We started off with an old extremely over grown butterfly garden from a previous project. The first phase of the project involved weeding the whole area and pulling out all unwanted plants.We also tackled the broken pond in the middle of the garden. With help from Don Onorati , we were able to get the pond up and working , and even re-arranged the rocks and tubs so that it integrated into the landscape better.
Phase two of the project involved a little research into native butterfly species and their food of choice. We had to find plants which fed both the adult and larval butterflies, and, since the planting site is very hot and dry in the summer, we narrowed down the search to the drought-tolerant plants native to the southwestern U.S. and Mexico. A great source for these types of plants was the Berkeley Horticultural Nursery. Another free source for xeriscape plants was our own gardens; we transplanted several Mexican sages, Jupiter's beards, yarrows, teucriums, and geraniums from home into the Tule Ponds site .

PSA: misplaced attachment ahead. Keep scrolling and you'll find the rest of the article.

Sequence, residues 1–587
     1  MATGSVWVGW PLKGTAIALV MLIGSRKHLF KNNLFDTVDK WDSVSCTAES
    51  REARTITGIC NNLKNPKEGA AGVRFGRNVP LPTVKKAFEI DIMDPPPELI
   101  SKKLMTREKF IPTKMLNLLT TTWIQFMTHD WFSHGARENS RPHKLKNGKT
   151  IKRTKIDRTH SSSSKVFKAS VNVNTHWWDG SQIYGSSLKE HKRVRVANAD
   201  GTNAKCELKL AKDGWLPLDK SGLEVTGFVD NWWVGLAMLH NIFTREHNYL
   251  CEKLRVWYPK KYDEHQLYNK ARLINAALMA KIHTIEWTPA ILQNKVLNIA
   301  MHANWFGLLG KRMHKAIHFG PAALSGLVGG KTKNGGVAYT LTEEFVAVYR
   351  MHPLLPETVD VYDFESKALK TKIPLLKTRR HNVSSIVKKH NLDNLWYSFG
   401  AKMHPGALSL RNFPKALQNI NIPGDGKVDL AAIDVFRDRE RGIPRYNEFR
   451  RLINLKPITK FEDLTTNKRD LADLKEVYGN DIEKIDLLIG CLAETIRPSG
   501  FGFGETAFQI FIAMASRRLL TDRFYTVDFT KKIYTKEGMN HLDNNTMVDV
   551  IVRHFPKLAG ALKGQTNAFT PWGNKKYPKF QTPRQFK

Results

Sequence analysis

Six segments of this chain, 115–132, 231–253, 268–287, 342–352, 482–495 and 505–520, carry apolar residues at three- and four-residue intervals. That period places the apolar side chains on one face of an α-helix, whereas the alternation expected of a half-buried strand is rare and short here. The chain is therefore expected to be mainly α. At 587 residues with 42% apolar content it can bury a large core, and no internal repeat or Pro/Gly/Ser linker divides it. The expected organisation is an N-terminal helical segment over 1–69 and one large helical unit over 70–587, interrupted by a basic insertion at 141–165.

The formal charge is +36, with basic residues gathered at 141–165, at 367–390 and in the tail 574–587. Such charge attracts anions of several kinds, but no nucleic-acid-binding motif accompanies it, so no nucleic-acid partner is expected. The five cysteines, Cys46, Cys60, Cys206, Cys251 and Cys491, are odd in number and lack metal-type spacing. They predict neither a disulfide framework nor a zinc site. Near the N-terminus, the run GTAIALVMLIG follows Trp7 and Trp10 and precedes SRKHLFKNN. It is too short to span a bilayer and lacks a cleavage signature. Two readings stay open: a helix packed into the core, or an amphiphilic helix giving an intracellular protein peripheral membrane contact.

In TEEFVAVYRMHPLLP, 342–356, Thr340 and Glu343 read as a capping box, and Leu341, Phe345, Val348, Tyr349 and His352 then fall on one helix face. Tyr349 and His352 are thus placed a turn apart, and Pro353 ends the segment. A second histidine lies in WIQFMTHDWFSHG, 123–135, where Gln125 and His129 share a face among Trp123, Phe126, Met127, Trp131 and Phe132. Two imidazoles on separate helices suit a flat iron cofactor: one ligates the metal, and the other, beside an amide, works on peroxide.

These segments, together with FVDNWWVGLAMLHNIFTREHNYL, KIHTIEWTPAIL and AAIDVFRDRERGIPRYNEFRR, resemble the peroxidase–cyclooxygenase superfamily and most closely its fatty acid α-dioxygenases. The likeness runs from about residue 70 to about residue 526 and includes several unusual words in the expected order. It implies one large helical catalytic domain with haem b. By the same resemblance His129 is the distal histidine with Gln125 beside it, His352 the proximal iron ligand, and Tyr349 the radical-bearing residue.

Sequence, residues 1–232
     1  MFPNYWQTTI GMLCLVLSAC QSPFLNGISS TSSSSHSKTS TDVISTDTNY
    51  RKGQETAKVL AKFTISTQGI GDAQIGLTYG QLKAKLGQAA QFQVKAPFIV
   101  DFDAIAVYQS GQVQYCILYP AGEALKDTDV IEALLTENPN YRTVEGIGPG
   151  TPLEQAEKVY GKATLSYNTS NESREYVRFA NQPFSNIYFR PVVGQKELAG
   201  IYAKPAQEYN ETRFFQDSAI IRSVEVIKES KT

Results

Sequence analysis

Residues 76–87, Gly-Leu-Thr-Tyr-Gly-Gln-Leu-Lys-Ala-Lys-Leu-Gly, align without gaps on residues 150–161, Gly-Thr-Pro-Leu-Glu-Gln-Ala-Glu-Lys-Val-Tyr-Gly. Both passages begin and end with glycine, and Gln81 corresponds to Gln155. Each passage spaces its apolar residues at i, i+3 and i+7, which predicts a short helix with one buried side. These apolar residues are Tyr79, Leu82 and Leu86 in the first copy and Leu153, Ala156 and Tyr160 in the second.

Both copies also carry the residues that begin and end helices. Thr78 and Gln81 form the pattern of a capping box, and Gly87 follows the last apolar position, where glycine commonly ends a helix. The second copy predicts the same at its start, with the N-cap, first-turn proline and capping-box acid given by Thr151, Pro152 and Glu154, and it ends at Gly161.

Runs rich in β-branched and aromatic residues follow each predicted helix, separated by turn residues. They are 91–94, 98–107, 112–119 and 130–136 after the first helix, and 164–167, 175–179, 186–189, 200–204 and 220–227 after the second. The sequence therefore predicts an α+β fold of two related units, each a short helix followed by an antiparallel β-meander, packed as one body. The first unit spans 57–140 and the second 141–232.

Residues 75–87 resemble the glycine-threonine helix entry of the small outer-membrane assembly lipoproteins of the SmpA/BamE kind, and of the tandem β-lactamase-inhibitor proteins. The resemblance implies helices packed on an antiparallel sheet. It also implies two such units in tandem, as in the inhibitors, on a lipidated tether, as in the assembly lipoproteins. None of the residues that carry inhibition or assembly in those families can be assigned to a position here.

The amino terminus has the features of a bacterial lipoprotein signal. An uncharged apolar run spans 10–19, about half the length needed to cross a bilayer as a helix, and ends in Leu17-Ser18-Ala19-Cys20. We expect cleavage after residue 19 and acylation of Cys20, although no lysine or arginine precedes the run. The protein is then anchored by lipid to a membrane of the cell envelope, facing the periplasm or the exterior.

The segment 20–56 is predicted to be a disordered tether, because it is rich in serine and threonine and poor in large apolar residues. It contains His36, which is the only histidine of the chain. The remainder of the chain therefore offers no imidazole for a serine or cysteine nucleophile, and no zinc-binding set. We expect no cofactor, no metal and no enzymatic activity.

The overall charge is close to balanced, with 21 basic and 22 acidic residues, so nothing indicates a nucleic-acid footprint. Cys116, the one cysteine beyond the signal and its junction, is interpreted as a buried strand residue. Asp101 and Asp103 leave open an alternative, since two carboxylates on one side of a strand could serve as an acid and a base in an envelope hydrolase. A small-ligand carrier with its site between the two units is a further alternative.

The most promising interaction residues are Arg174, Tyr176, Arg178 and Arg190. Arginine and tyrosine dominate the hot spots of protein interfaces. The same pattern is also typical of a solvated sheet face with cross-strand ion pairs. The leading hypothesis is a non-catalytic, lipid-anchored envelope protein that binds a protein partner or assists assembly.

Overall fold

Then came the fun and creative part- the garden design. A planting guide was developed which took into consideration the color and height of the plants as well as their sunlight/shade requirement. We planted at the end of May and covered the planting beds with a heavy layer of mulch to give the new plants a good chance of surviving the long, hot summer ahead. Despite several days above 90F, all of our transplants thrived. The next thing we worked on was making identification markers for the flowers we had planted. We made a post for each flower with its name and stuck them in the ground in front of each plant.
The final thing we did to make the garden more attractive was to make stepping stones. We each made stepping s tones , big and small , and made a path with them leading to the center of the garden. Then it was complete, we even saw a few Monarch caterpillars on our new plants.
We still come back every once in a while to weed the garden and observe our work.